The Dirty Plate Route
Early in his career, Henry Miller established a policy with respect to tramps. He came to a ranch one day and saw what was obviously a tramp chopping wood. He said to the foreman, “Who is that chopping wood?”
“Oh”, said the foreman, “that’s just a tramp. I’m having him chop wood for his dinner”.
Henry Miller said, “never do that. If a man is so unfortunate as to beg for food, give it to him and win his gratitude. Never make him work for it and get his hatred”.
Another time when going through a ranch he saw a tramp sleeping in a hay stack. He said to the foreman, “Don’t let the tramps sleep in the hay stacks. Let them know that they can always have one night’s lodging in the barn. If they fall asleep in the hay stack, they may stay several days, break it all down, probably get to smoking and set it on fire. If you give them a bed in the barn, they will appreciate it, stay just one night, won’t use any matches, and then be on their way. Never let them stay more than one night”.
One day he came to a ranch house and found two more men is the dining room than showed on the payroll. He said to the foreman, “How’s this? You’ve got more men is the dining room than are on your payroll”.
The foreman said, “Two of them are tramps”.
Henry Miller said, “Don’t let the tramps eat with the men. First thing you know, you will have the men saying they are treated like tramps. Let the men eat first and the tramps afterwards”.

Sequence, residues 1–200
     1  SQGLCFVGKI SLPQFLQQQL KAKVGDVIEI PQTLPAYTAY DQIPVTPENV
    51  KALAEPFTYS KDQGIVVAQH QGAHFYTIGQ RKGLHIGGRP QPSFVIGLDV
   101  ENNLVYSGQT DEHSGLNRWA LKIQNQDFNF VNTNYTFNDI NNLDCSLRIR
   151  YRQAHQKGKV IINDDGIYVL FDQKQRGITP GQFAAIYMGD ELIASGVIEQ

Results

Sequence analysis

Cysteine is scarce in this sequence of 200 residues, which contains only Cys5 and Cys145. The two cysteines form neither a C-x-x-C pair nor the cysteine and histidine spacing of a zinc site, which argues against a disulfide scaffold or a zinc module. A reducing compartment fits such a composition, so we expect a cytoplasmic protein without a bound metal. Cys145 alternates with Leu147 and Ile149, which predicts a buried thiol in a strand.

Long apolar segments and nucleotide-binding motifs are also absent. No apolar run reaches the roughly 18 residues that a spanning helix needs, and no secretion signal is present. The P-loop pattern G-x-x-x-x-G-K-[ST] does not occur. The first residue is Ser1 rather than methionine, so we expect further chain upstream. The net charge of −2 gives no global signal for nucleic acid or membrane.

One day Henry Miller was taken to task by the cook, who said, “Mr. Miller, I came here to cook for the men. I don’t like washing dishes for tramps”.
Henry Miller said, “All right, we’ll have the tramps eat after the men off of the same plates. They will clean them for you”.
The cook thought this was a good joke and did not press his point further, so these became the rules for the hobo hotels on the Henry Miller ranches:
- Never refuse a tramp a meal, but never give him more than one meal. A tramp should be a tramp and keep on tramping.
- Never refuse a tramp a night’s lodging. Warn him not to use any matches, and let him sleep in the barn, but never let him stay for more than one night.
- Never make a tramp work for his meal. He won’t thank you, if you do. Anyhow he is too weak to work before a meal and too lazy to work after a meal.
- Never let the tramps eat with the men. Make them wait until the men are through, and then make them eat off of the same plates. The coo should not be made to do extra work for tramps.
Miller & Lux ranches were well known for their Dirty Plate policy. There were two classes on the Route. Two distinct classes travel these whirls, distinct in speech and in appearance. One is the “burley” and one is the hobo of our railroad tracks who stops to recuperate for a few months on the way to or from San Francisco and Los Angeles but a class by itself, the old original order of shadow chasers, the man who never leaves the dirty plate route, who considers it home, is the “reservation stiff”. The peculiar part of it all, he looked down upon the “burleys” with hard-boiled hats and coal dust down their backs.
This was once brought to Henry Miller’s attention is a strange way. In company with Harvard Porter, a fallen mighty, he was going from North Camp to Dutch Boys stations on the ”inside whirl” when a band of canvasback ducks rose out of a pond. Canvasbacks! Exclaimed Porter, “The first of the season. Look out now for the roughs with itch browns 19 ½ collars and .22 caliber eyes. It means the snows have fallen in the north and soon bands of these toughs will be floating in and they’re a bad lot, take it from me. Never have anything to do with them”. (When the snow fell up north, the hobos, were on the move to warmer climates.)